At the time of the last review, $38.7 million from the College went toward financial aid. Now the number has increased to $80.6 million — almost 29 percent of the College’s budget.
The study’s five-year budget projection shows limited returns in the next two years, a deficit in 2016 to 2017 and small returns to reserves in the next two years.
However, the College plans to prioritize these challenges, according to the document, by consulting other avenues of revenue, developing new degree programs and pursuing more fundraising opportunities.
The percentage of the College’s budget that comes from tuition revenue has increased from 86 percent to almost 90 percent since the time of the last review, the document states.
A side effect of these financial challenges has been smaller faculty salary increases. The self-study stresses that the College managed to absorb more than $50 million in expenses and lost revenue over the last seven years.
While the budgets for 2010 to 2011 and 2011 to 2012 both ended with deficits, 2012 to 2013 saw a balanced budget, albeit by a small margin.
As such, the department changes were meant to “reduce our expenses,” so the College did not have to pursue one-time contributions to overcome deficits in 2011 and 2012.
In order to decrease such heavy reliance on tuition revenue, the self-study proposed two goals. The first recommended that the College decrease its dependence on temporary faculty by converting some of them to full time faculty and reducing the demand for them by making strategic curricular changes.
The second goal involved changing the budgeting process itself to account for ongoing teaching expenses and salary recovery, which “would provide a more accurate picture” of expenses.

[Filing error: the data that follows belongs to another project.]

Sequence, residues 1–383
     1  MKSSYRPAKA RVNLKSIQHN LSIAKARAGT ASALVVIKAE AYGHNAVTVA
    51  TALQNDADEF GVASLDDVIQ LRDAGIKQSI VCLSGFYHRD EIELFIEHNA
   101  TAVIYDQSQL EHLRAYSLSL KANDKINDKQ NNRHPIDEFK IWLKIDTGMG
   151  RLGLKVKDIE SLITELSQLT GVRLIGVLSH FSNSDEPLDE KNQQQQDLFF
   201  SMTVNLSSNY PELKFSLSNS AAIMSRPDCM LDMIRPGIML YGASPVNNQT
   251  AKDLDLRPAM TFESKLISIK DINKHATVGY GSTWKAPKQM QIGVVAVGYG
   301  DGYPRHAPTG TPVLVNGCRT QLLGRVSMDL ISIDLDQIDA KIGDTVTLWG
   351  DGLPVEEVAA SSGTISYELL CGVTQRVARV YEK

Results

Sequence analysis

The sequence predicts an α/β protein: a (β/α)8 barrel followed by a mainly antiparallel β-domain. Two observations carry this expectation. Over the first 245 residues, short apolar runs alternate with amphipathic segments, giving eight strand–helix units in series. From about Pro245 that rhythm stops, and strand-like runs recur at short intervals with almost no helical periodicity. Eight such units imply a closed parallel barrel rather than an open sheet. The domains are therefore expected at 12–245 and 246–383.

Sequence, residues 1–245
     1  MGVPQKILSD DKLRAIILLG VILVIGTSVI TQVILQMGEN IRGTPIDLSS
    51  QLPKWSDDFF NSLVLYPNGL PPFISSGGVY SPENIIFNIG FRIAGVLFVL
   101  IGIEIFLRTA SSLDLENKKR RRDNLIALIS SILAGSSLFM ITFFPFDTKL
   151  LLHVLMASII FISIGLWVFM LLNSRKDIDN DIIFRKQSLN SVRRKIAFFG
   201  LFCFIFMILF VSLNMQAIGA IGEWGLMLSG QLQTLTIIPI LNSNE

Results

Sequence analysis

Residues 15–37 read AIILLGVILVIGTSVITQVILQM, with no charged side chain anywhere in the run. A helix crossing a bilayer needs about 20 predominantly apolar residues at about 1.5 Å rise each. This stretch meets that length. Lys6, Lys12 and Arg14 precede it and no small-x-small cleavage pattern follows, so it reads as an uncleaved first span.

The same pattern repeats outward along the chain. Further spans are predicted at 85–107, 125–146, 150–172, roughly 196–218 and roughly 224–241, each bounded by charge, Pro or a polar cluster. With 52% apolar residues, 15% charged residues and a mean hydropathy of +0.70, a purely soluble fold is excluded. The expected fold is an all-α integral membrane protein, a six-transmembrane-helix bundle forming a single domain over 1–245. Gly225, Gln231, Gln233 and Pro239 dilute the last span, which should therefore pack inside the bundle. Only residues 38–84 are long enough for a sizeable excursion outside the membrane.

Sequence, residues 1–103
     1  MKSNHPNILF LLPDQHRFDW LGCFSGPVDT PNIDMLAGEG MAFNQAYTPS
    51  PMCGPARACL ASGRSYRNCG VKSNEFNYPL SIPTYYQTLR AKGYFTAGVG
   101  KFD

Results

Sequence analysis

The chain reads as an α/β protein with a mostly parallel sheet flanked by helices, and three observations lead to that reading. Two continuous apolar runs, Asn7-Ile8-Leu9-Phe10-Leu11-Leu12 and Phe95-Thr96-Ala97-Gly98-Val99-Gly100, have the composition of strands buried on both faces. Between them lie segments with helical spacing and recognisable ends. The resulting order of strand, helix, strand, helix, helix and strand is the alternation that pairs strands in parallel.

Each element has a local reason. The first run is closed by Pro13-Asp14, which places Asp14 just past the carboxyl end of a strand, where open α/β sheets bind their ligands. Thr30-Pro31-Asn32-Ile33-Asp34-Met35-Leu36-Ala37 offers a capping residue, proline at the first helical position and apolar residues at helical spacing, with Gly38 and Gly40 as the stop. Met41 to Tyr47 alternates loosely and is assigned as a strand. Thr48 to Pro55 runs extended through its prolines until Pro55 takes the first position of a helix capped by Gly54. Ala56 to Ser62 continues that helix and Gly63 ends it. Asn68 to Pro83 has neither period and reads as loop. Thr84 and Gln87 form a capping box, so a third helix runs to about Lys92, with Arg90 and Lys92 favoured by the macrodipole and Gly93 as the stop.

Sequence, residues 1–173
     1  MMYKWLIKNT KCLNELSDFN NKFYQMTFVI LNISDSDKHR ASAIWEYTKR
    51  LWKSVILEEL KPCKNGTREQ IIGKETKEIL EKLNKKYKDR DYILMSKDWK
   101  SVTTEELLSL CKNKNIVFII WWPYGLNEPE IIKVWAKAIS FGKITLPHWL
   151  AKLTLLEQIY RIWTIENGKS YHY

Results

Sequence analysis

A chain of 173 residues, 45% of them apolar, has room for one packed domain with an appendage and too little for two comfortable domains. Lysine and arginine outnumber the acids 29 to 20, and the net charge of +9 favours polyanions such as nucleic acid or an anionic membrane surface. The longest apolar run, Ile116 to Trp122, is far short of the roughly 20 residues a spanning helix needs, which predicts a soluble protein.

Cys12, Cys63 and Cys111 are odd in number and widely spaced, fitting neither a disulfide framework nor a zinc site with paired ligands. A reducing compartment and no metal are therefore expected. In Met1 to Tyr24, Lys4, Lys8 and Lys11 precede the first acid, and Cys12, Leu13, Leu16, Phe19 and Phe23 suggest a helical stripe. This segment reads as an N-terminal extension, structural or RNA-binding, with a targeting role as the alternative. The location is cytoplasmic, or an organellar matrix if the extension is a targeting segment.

“We are looking at a future in which our expenses are projected to grow faster than our revenues; we have significant concerns about our ability to sufficiently reward and support our faculty and staff and we still must make sure that we have adequate resources for innovation and creativity,” the document states.
On the other hand, the self-study indicates optimism about the College’s ability to meet these challenges.
The document states that the College development team plans to foster a culture that seeks philanthropic support as part of an initiative to grow scholarship donations. Forman added that the College will also actively pursue a more diverse range of funding opportunities, such as grants from private sources.
“Every self-study has its own time and place,” Forman said, adding that in the past it could be easy to set up a 10-year plan, but now strategic planning is required at every incremental step.
The self-study also highlights two trends in student demographics: an increase of international students — now at 16 percent of the entering class — and a growth in students of Hispanic or Latino/a descent — now at 7 percent.
The document also notes that 17 percent of the College faculty is 65 years or older and 34 percent are 60 years or older, many of which are in the social sciences — especially in the psychology, political science and sociology departments.
Given the inability to predict when faculty will retire, the College plans to replace an entire generation of faculty over the next five to 10 years.
The document concludes with five overlapping areas of interest that “present both challenge[s] and opportunit[ies] for the administration and faculty” of the College.
First, the document concludes that the College ought to take more advantage of resources in the University.
Second, it emphasizes thoughtfully managing the faculty generational change.
Third, it hopes for strategic planning in regards to considering new types of processes for planning in the future.
Fourth, it calls attention to the College’s financial stress. The last area the document pointed out was the stature and reputation of Emory, stating that while reputation enhancing is important, rankings ought not drive decisions.
Finally, Forman’s contract is set to expire this year, but he declined to comment on whether his deanship will be renewed following the external review of the University.
—By Rupsha Basu